Aunt Julia & Uncle Emil

 1893-1981        1892-1962

by
Olga S. Hardman
 

JulEmLea.jpg(24618 bytes)

L.to R.  Aunt Julia, my mother, Uncle Emil


One of the greatest joys of my youth was any Saturday morning when my parents came into the bedroom of my sister and me and said, "Who wants to go to Jeannette?"  Jeannette, PA, was where my Aunt Julia (only sister of my father) and her family lived. (See - The Stengers of 3rd. Avenue.)   "Going to Jeannette for the week-end" was a very special treat for both my sister, Marie, and me.  I'm certain it was a treat for my parents as well, since my mother and father were both very close to Aunt Julia and Uncle Emil Monier.  Since the Monier's had three daughters, there was a daughter close to the ages of both my sister and me.  My cousin, Olga, was the same age as my sister, Marie, and my cousin, Emilene, was my age.

Jeannette was 105 miles from our house in Clarksburg and it took about 4 hours to get there.  (Today, with our 4-lane highways, the trip takes exactly 2 hours.)  To a 7-year old whose patience was non-existant, the time it took to make the trip was interminable.  It finally got to the point where I was promised  a dime and then a quarter if I didn't ask, "How many more miles before we are there?"  But when we finally did get there, it was all fun.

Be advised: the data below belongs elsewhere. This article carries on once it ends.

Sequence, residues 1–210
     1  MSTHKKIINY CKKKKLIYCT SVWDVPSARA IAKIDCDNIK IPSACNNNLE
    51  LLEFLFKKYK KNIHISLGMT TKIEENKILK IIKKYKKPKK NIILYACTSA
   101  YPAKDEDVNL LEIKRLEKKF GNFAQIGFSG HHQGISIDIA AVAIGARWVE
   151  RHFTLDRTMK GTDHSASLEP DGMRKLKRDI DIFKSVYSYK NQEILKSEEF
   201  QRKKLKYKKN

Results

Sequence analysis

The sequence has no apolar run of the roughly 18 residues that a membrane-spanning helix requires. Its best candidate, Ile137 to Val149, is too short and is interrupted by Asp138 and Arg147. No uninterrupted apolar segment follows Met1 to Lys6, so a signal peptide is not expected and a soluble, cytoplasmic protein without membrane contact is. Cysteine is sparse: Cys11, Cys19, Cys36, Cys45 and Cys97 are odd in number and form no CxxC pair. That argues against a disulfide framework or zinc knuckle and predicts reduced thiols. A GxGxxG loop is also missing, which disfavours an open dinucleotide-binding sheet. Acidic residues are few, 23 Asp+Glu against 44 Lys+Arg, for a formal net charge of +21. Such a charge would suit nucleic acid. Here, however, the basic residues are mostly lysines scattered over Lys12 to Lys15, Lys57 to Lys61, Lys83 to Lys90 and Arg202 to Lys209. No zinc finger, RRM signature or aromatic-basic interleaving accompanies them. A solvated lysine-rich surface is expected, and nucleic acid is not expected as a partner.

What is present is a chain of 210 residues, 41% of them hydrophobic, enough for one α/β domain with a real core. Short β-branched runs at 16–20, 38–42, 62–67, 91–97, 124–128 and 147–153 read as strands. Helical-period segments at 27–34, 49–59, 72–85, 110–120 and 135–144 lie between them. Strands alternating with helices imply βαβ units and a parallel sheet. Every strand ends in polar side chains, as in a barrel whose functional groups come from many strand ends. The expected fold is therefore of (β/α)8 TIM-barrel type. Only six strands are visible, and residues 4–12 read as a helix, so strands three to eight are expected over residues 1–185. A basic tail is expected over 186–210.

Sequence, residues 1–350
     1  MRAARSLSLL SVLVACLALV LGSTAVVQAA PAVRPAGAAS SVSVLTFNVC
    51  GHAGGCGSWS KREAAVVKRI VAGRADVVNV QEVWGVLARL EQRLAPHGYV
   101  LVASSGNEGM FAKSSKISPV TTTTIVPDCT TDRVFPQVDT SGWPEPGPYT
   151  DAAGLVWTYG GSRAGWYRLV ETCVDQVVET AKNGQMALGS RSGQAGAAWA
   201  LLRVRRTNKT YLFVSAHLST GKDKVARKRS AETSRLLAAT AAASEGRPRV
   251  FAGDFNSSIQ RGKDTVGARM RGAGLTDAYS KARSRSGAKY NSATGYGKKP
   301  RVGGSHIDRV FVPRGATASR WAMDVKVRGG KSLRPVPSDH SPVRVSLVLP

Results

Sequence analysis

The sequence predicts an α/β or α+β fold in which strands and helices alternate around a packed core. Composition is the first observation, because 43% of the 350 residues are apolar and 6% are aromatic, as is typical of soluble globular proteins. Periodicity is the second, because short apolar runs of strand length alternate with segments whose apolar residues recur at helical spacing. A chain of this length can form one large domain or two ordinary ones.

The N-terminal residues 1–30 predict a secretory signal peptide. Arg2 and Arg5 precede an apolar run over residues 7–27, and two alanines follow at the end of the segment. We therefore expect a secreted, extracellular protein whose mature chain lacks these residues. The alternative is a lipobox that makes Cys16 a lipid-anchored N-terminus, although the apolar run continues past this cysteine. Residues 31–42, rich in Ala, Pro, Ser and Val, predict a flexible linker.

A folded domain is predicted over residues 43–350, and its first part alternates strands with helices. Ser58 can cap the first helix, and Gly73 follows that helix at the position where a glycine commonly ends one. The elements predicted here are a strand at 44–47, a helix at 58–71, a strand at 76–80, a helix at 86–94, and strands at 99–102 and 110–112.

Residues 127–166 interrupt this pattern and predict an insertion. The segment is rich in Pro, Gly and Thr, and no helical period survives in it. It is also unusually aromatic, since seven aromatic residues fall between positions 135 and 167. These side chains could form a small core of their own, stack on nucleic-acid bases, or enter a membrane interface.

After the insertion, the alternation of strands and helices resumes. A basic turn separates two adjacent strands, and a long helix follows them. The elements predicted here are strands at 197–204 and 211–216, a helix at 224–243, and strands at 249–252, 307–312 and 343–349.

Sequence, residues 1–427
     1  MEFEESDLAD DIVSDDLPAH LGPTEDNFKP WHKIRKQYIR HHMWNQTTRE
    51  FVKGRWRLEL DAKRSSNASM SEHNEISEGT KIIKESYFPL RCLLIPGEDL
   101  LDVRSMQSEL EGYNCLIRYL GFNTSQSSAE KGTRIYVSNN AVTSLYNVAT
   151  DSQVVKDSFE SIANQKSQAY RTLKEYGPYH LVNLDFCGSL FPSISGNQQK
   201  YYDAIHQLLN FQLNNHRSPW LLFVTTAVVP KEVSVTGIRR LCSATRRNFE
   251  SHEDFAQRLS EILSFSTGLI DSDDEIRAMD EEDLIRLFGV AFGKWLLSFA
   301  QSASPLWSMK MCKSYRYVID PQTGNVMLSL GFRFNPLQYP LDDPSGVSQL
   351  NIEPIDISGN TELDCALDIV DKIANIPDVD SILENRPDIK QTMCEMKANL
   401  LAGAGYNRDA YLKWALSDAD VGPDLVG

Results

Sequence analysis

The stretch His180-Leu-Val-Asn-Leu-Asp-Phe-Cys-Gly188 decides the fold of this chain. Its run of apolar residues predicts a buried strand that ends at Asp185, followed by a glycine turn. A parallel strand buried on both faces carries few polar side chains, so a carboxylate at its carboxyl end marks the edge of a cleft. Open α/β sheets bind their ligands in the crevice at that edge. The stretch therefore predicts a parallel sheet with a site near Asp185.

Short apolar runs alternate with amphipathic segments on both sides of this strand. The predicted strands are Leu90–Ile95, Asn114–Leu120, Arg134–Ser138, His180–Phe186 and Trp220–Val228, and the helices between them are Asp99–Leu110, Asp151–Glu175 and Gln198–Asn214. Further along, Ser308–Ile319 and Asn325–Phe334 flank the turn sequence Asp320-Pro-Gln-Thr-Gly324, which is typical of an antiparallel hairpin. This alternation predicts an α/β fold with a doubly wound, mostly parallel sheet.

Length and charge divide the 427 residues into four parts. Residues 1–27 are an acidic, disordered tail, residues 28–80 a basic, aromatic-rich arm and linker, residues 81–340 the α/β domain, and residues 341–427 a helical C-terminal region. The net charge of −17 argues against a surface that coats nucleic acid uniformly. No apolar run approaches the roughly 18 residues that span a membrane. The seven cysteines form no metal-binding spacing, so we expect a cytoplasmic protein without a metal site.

I remember Aunt Julia as the epitome of stoicism.  Whatever happened in her life, she simply put one foot in front of the other and did the next right thing to do.  She was an excellent cook and I'm sure had made great culinary preparation for our frequent visits.  I remember Uncle Emil as a large, tall man with a boisterous laugh who enjoyed telling jokes and provoking laughter in everyone.

We were all avid card players and often played for an entire afternoon and sometimes into the evening as well.   When we really didn't want to quit playing, my Aunt Julia would serve us all sandwiches at the card table so we didn't even have to quit to eat.

After the young people in both families had married and started families of their own, Aunt Julia and Uncle Emil and my parents traveled even more frequently to each others homes for visits and often took road trips together.

The picture accompaning this story was taken at the farm home of Uncle Louie and Aunt Zula.  They often had New Year's Eve parties at the farm and Aunt Julia and Uncle Emil often came to Clarksburg to celebrate the coming of the new year. I remember lots of harmonizing around the piano at Uncle Louie's parties.
 
 
 

© 2001 Olga S. Hardman